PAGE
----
Laura McGhee, born on 5 March 1907, and her three sons represented the kind of activists who proved crucial to the civil rights movement in Mississippi. In the 1950s and 1960s, the widowed McGhee owned a fifty-eight-acre farm outside Greenwood in the Browning Community, and she welcomed workers from the Student Nonviolent Coordinating Committee (SNCC) to stay and to hold rallies. Throughout the 1960s McGhee was the matriarch of a determined family that fought discrimination in Leflore County, especially during the 1964 Freedom Summer Project. McGhee instilled a fierce sense of responsibility and self-worth in her children, and the family tested the applicability of the 1964 Civil Rights Act and won notoriety for its boldness.
McGhee’s sons—Silas, who later became a member of SNCC’s national executive committee; Jake, a future officer in the National Association for the Advancement of Colored People and member of the Mississippi Freedom Democratic Party; and Clarence, a paratrooper—took on segregation as individuals and as a group. In 1964 Silas, a high school senior, attempted to integrate Greenwood’s all-white movie theater, but a crowd assaulted him. In July 1964 three Klansmen kidnapped and beat Silas, an incident that led to the first arrests under the 1964 Civil Rights Act. Silas and Jake returned to the Leflore Theater seven more times to desegregate it. During one effort a mob attacked and injured the brothers, and when FBI agents failed to rescue them in the hospital, Clarence, who was home on leave, arrived with armed protection. By August 1964 white authorities arrested all the McGhees on a variety of minor criminal charges, and on 16 August gunmen shot and wounded Silas for leading sit-ins at local restaurants. The shooting stimulated the first daytime demonstrations and youth marches in Greenwood.
Laura McGhee became famous among activists for her refusal to be cowed by intimidation and violence. McGhee came into the movement after the 1955 shooting of her brother, Gus Courts, a Belzoni activist. During the 1960s the McGhee farm became a center where African Americans and activists received lessons in self-defense and voter registration techniques. McGhee demanded respect from whites and rejected what she considered illegitimate authority. In a life of struggle against night riders, firebombings, discrimination, and people who wanted her land, McGhee resisted aggressors by any means available. She kept a rifle inside the front door to defend the family and warned the local sheriff that if he failed to stop drive-by shootings on her home, he would pick up dead bodies the next time she called. She also beat up a policeman during a demonstration in Greenwood and struck an officer who arrested one of her sons. McGhee also served as one of Leflore County’s eight delegates at the 1964 Mississippi Freedom Democratic Party state convention in Jackson. The family earned the respect of many movement activists for fighting discrimination with or without outside help. The McGhees, in the words of historian Charles M. Payne, “out-SNCCed SNCC.”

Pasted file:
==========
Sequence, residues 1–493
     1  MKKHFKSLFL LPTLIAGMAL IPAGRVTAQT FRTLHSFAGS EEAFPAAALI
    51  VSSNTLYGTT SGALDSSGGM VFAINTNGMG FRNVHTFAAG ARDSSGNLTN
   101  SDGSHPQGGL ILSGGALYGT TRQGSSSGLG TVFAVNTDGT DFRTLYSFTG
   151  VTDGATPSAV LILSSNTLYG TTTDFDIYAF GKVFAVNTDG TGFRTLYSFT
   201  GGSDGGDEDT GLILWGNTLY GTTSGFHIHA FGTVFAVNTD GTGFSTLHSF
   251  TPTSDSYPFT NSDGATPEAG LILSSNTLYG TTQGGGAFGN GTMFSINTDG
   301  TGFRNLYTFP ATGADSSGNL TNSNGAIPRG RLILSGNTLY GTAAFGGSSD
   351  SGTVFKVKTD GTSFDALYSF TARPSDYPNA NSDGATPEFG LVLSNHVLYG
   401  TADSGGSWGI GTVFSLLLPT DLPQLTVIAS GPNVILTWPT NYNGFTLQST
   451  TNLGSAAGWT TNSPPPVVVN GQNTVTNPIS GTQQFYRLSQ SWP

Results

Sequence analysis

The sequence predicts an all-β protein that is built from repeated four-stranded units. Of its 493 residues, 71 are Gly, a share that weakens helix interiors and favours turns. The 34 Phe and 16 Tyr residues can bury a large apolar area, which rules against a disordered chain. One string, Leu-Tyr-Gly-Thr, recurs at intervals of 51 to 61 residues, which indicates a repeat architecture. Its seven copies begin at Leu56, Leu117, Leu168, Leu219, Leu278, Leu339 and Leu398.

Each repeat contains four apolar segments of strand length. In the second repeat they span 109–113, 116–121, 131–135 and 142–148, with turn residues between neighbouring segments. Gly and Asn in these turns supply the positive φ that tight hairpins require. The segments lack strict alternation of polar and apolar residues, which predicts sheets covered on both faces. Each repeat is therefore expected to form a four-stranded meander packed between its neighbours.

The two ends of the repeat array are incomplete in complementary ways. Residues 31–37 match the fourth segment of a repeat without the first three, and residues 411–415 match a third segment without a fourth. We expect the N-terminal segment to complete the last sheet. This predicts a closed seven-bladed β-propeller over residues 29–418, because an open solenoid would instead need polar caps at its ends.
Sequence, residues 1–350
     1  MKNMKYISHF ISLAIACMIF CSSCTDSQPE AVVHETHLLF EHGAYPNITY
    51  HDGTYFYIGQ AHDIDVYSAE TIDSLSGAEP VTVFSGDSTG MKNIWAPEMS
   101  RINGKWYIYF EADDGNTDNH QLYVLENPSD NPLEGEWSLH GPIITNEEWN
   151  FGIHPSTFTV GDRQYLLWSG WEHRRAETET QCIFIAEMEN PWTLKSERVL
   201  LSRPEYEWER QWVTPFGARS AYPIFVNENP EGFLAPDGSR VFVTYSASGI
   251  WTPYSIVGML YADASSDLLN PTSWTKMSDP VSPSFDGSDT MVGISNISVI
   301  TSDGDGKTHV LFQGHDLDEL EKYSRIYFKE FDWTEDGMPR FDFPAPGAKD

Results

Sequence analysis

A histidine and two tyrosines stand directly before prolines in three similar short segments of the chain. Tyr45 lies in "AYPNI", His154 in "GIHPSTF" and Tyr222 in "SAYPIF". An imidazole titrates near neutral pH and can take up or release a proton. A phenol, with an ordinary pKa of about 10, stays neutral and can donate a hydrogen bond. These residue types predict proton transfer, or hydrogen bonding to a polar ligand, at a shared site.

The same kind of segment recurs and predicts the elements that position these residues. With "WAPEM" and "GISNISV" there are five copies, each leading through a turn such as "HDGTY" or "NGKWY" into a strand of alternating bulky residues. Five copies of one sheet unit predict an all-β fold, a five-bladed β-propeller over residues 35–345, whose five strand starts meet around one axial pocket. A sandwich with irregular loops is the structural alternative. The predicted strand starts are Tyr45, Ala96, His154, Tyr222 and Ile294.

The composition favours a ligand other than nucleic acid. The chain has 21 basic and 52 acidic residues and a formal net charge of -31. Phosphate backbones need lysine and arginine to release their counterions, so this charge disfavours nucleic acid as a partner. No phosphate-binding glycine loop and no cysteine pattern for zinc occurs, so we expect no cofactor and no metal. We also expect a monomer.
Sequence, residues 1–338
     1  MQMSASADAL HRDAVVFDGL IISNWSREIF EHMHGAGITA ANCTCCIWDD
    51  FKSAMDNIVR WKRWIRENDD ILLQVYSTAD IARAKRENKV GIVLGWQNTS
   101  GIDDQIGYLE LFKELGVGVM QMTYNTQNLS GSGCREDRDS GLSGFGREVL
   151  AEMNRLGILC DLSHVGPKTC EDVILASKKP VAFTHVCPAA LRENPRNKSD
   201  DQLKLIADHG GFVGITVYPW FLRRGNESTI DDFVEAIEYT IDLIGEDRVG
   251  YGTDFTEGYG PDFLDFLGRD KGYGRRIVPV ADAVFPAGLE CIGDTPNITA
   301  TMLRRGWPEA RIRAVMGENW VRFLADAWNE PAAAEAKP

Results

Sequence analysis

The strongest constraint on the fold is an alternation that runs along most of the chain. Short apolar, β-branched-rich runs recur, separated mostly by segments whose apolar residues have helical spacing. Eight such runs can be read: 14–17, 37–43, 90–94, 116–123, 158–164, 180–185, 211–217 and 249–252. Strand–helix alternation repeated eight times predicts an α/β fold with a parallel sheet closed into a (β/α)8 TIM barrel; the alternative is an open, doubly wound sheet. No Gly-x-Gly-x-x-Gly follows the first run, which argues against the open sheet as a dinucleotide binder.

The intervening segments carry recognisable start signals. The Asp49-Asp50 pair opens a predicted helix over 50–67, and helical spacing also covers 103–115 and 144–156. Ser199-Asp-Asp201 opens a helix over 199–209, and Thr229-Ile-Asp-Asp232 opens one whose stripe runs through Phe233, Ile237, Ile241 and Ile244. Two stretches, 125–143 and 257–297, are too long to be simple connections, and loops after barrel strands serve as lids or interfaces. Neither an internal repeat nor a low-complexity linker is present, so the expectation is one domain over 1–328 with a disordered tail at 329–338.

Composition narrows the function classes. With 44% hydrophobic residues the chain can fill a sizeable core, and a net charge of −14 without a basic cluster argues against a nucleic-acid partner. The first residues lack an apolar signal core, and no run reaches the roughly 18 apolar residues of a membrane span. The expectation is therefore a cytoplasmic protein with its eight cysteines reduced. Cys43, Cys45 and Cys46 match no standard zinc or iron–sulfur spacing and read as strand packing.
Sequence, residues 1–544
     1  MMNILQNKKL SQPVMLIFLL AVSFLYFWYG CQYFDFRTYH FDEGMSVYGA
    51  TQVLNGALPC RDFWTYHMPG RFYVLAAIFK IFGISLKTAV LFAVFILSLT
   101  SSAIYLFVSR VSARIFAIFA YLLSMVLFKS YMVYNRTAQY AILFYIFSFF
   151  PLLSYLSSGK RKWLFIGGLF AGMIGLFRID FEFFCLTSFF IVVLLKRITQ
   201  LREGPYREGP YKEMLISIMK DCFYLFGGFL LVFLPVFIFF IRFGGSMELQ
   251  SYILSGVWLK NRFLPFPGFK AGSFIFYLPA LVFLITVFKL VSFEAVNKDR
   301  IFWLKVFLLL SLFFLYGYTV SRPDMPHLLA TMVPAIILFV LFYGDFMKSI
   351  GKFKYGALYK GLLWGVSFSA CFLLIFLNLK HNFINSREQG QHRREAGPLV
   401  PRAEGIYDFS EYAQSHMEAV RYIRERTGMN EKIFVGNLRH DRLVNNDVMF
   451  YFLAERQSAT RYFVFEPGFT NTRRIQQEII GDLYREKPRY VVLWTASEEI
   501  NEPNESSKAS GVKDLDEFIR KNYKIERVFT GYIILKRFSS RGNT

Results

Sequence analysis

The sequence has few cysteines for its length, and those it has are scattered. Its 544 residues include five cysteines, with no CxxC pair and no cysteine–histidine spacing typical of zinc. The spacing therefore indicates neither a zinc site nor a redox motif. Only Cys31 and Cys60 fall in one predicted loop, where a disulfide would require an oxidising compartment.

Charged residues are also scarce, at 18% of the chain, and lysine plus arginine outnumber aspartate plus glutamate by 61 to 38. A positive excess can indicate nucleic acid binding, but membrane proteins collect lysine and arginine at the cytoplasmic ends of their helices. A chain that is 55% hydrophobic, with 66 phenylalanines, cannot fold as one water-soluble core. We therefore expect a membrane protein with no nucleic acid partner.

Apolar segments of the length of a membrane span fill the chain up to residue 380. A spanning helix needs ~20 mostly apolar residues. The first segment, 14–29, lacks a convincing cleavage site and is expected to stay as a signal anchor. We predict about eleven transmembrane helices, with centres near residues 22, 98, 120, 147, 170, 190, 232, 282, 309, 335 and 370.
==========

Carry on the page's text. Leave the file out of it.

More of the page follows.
She died on 30 April 1984.
- Clayborne Carson, In Struggle: SNCC and the Black Awakening of the 1960s (1981)
- John Dittmer, Local People: the Struggle for Civil Rights in Mississippi (1994)
- Charles M. Payne, I’ve Got the Light of Freedom: The Organizing Tradition and the Mississippi Freedom Struggle (1995)
- Townsend Davis, Weary Feet, Rested Souls: A Guided History of the Civil Rights Movement (1997)
- Taylor Branch, Pillar of Fire: America in the King Years, 1963–1968 (1998)